Labour relations and labour market institutions
While technology is making capital cheaper, policies like the national minimum wage will make labour more expensive. What does this mean for the choices firms make in terms of labour and capital inputs? This research shows that higher prices for labour will result in lower demand for labour, making job creation more difficult. Low-skilled and high-skilled labour are substitutes – higher wages for low-skilled workers will encourage firms to employ more high-skilled workers and become more skill intensive.
Predicting the impact of a national minimum wage: are the general equilibrium models up to the task?
This article analyses whether computable general equilibrium (CGE) models are suitable for projecting the likely consequences of implementing a national minimum wage. Referring to modelling exercises undertaken by the National Treasury and the Development Policy Research Unit (DPRU), it shows that their projection of a strongly negative impact on employment and other macroeconomic indicators is a direct result of the architecture and assumptions of these models. By design these models preclude alternative outcomes; this renders them rather unsuitable as guides to policymaking.
Do low-paid workers’ wage increases raise unemployment – and is this relevant for the minimum wage debate?
Increasing the wages of workers in the bottom half of the wage distribution contributes less to regional unemployment than increasing the wages of better-paid workers. The wages of the worst-paid – who live in regions of low union and large-firm concentration – play almost no role in unemployment. Collective bargaining arrangements appear to explain these differences. This phenomenon may soften the negative impact of a national minimum wage on employment in the short run, but might make matters worse in the longer run.
Have real wages fallen behind or increased out of line with productivity? A macroeconomic perspective
Macroeconomic data on wages and productivity suggest that there has not been any constant tendency for real wages either to fall behind or increase out of line with increases in productivity. Upward shifts have affected real wages sporadically, but have subsequently been offset by downward shifts, leaving a one-to-one long-run relationship between real wages and productivity. This is contrary to the conventional wisdom in both the labour union and business worlds.
The public debate on a national minimum wage sometimes appears to occur in different universes. Two recent contributions to Econ3x3 may help to take the debate forward. This article analyses and contrasts these views and finds that, though they emphasise (and underplay) different aspects, the differences may not be insurmountable – especially once one recognises that the proposals apply to different time frames. [A shorter version of this article appeared as an op-ed article in Business Day on 25 June 2015. See references.]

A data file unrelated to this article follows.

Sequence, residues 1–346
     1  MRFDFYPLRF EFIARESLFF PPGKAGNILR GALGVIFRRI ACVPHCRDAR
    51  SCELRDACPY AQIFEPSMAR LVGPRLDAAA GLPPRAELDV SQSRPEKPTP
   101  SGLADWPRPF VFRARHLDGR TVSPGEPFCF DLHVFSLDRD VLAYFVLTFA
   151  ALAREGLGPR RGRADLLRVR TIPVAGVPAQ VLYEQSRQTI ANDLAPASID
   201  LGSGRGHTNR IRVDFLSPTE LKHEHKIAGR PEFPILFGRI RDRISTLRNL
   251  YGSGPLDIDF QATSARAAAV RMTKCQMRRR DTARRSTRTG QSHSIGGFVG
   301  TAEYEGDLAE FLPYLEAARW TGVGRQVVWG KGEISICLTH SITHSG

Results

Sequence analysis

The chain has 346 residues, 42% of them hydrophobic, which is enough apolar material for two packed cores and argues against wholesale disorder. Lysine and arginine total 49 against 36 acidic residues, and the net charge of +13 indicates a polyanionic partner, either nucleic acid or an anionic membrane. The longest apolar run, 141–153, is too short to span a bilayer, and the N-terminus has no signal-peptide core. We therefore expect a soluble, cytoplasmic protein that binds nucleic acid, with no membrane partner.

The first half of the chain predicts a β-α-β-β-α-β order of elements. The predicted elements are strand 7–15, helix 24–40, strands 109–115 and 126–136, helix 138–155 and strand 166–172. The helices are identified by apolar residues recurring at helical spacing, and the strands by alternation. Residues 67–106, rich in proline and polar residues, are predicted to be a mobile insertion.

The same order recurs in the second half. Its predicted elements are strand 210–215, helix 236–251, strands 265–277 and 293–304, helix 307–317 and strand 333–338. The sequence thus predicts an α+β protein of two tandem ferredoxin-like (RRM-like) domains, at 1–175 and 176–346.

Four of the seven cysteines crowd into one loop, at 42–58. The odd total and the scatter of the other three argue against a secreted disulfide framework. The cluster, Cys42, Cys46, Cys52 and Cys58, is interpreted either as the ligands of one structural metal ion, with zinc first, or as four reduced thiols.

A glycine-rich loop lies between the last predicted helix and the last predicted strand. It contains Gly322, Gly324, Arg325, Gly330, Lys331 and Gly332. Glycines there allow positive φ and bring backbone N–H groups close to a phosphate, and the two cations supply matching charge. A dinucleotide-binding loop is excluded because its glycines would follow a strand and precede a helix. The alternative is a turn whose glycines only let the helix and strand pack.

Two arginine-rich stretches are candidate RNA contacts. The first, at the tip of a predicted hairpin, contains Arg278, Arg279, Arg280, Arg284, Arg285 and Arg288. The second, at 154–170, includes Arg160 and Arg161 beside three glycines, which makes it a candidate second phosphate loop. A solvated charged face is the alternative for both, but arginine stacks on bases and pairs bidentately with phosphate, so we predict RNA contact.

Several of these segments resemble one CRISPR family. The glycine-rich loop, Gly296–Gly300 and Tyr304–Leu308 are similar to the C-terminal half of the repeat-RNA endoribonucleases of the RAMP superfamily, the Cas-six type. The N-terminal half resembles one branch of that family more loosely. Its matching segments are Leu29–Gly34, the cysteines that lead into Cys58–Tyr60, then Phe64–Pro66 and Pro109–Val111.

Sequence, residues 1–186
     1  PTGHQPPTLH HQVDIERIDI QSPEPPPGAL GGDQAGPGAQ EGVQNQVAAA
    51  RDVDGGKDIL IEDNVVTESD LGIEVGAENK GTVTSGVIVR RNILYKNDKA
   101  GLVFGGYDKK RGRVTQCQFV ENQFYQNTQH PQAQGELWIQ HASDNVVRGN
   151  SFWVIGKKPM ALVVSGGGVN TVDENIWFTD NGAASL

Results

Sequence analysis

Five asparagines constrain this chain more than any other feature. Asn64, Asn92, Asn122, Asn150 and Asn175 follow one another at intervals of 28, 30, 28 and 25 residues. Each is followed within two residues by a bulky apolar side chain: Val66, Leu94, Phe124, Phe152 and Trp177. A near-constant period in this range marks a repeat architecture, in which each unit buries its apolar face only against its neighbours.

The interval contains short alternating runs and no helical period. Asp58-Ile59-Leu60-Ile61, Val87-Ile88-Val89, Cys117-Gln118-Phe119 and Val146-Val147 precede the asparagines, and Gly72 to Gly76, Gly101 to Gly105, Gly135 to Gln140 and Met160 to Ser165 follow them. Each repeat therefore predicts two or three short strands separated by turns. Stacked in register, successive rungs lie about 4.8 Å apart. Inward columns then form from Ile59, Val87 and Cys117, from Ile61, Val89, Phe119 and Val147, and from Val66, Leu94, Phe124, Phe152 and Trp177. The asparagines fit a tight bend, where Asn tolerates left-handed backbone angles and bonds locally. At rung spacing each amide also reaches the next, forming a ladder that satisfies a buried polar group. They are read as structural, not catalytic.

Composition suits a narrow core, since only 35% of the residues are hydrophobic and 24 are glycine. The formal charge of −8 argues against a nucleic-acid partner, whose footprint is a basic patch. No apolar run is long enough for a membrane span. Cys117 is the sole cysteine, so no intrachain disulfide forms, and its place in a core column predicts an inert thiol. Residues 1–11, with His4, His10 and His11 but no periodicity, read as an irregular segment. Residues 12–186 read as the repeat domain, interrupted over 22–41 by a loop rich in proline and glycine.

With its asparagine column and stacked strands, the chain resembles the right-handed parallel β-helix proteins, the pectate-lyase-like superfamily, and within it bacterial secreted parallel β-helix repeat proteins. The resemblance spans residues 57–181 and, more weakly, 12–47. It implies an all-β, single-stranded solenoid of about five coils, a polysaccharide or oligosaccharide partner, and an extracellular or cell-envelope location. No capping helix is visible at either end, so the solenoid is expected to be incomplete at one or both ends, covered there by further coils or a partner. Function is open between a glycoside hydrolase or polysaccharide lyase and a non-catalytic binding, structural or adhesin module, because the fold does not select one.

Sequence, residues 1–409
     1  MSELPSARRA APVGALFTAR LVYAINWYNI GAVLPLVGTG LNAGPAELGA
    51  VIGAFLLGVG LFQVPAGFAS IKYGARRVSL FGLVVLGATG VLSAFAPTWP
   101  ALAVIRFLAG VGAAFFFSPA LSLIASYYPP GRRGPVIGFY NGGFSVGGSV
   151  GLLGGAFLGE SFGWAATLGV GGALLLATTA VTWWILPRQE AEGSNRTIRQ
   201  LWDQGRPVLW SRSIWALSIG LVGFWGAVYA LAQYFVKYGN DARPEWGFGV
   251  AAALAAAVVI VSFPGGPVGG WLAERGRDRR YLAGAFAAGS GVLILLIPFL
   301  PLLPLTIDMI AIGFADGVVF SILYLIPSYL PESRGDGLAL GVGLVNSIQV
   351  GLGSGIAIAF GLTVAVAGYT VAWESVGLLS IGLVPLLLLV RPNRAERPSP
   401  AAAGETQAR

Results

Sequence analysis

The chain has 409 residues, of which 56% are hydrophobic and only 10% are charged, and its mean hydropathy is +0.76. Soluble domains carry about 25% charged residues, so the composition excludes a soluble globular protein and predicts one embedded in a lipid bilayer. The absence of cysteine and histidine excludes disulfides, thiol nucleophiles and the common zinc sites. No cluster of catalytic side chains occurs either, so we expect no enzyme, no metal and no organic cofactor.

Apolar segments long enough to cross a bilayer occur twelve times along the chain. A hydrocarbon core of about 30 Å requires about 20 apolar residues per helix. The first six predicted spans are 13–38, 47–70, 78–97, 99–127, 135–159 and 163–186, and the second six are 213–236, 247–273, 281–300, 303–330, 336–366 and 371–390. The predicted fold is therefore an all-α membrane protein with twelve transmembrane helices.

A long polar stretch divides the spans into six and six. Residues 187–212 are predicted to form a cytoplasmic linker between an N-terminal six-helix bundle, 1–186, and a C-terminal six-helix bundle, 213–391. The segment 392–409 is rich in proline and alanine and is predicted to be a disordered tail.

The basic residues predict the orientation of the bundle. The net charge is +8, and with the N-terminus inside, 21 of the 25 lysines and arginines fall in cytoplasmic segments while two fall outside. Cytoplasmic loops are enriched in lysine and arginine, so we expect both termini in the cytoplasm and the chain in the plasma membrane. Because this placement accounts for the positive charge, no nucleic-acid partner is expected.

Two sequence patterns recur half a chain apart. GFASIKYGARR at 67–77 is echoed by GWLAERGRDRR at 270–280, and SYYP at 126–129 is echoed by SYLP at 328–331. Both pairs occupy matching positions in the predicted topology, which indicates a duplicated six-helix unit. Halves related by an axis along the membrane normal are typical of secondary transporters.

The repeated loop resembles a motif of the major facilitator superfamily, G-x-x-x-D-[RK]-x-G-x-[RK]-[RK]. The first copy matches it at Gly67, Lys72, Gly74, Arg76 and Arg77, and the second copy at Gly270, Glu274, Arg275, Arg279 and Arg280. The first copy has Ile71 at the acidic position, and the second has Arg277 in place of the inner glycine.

Most contributions to the debate on a national minimum wage adopt a narrow view of labour markets and accept that the structure of the economy will remain essentially as it is. We question both of these assumptions. Further, we argue that a national minimum wage, at a level to be determined through careful research, must be part of a well-designed package of longer-term policy reforms that look beyond the labour market and support employment growth through investment.
The debate about implementing a national minimum wage obscures the key point, which is the level at which a national minimum wage should be set. A national minimum wage at a much higher level than the sectoral minimum wages currently set by the Employment Conditions Commission or agreed upon by unions under the Labour Relations Act is likely to result in job destruction, especially in the tradable sectors, with the result that poverty might be increased rather than reduced.
What happens when a previously unregulated labour market is regulated? After the introduction of minimum wages and mandatory employment contracts for domestic workers, wages increased markedly while neither employment nor hours worked declined; some formalisation of working conditions also occurred. All these occurred despite a lack of monitoring and enforcement, suggesting that such actions (often costly) are not essential for regulation to have a significant impact on informal employment conditions, at least in the short run.
The introduction of minimum wage laws in five non-agricultural sectors has not been associated with a significant loss in employment in the years following their promulgation – a period when most sectors also saw a significant increase in real hourly wages. Indeed, several sectors recorded an increase in employment. However, in some sectors there is evidence of a relatively small reduction in the hours worked by employees. On the whole, the effects of minimum wages are varied.
Past studies have found that trade union members earn substantially higher wages than non-union workers. New results suggest a much lower union wage premium (6-7%) when the impact of the size of the firm, the type of employment and non-wage benefits are properly taken into account. On the other hand, bargaining council agreements have a higher impact on wages than unions do, so that the cumulative wage premium of unions and bargaining councils averages more than 16%. For the public sector this can be as high as 22%.